Making Hamilton County's Anti-Bullying-Hazing Policies Conform With State Underway
The way the Hamilton County School System looks at bullying and hazing, may be changing very soon..
The action is in response to the hazing and rape investigation, involving some Ooltewah basketball players.
A group of students from Unifi-Ed, that are empowered to get involved in their education process, found several provisions to prevent bullying and hazing in state law, that are either not found or confusing in Hamilton County's bullying and hazing policy. It turns out the alleged hazing incident involving Ooltewah basketball players, may change Hamilton County's policy.
The biggest issue the Unifi-Ed students found was, no Hamilton County policy on students being able to anonymously report instances of hazing and bullying. "State law requires every school to have an option for students to anonymously report bullying and hazing," says Unifi-Ed member Nicholas Wilkins. "We want a clear procedure for how students can do that."
We took that question directly to Karen Glenn.. she administrates the bullying and hazing policy for Hamilton County Schools. She says anonymous tips can be a problem. "We can have that policy, but we want to make sure that we get the identity of the person, not so we can disclose it to the public," she says. "We want to make sure that we can determine that it's a credible incident that needs to be investigated."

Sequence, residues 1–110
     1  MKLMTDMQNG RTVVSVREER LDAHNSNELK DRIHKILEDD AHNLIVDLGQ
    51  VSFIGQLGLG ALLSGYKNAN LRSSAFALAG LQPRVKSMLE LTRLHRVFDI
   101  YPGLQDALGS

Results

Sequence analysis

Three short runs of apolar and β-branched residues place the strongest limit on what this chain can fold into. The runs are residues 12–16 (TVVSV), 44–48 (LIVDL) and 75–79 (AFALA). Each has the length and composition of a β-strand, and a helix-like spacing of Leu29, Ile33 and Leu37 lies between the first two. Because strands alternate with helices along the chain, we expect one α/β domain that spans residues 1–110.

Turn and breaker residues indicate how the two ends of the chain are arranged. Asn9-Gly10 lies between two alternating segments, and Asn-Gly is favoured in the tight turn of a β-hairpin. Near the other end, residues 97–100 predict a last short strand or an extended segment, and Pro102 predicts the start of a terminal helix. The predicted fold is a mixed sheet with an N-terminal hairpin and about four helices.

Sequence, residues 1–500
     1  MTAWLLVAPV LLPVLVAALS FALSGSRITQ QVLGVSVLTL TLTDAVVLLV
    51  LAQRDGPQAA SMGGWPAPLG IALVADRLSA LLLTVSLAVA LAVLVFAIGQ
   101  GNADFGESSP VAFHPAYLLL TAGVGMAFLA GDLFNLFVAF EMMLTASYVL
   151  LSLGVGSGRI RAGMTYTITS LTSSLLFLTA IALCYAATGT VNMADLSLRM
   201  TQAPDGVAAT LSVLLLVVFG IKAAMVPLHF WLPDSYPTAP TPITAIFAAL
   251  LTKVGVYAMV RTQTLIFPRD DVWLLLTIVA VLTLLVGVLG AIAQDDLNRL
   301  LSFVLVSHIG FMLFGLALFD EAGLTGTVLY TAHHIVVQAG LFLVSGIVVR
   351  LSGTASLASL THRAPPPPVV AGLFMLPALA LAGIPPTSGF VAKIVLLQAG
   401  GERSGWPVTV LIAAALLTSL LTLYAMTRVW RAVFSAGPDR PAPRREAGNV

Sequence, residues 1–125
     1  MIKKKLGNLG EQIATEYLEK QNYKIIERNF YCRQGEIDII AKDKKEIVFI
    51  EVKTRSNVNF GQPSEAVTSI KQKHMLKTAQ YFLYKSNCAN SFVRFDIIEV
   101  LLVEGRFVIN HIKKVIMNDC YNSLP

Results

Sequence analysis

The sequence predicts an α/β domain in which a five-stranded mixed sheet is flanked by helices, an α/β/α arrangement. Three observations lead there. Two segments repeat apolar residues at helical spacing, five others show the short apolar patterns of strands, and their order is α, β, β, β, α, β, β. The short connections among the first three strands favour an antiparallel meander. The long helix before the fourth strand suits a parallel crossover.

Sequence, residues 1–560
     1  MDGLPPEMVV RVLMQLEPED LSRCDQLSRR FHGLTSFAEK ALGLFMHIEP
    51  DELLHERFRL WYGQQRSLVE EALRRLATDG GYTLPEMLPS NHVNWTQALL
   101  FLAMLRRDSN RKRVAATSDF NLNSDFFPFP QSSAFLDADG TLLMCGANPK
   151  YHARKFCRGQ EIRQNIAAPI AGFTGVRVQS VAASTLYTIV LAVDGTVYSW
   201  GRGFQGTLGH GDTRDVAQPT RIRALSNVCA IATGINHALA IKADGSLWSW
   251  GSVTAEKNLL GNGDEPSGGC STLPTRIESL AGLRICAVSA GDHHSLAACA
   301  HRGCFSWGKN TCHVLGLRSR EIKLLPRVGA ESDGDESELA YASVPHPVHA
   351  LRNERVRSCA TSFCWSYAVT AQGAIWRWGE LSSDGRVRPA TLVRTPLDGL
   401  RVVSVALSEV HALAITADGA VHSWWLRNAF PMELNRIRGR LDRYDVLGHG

Other state-mandated hazing and bullying laws, that Unifi-Ed says, the county needs to clarify, include dealing with students who retaliate against other students who complain about it. "The state law is very specific about this particular language and it's not in our policy at all," says Unifi-Ed's Elizabeth Crews.
"There is a definite statement in our code of acceptable conduct that talks about retaliatory behavior for somebody that reports," says Glenn. "We need to make sure that our code is consistent with our policy."
Glenn alsosays, the alleged incident involving Ooltewah basketball students, will produce change in Hamilton County's bullying and hazing policy, in relation to state law. "We do need to make sure that it is indeed consistent, that both our code and our policy are the same."
Elizabeth Crews with the Unifi-Ed organization says their group of students actually identified problems between county policy and state policy last month.
We're told the Hamilton County School Board's attorney will be meeting with his staff to bring the county's anti-bullying, anti-hazing policy to more comply with state law.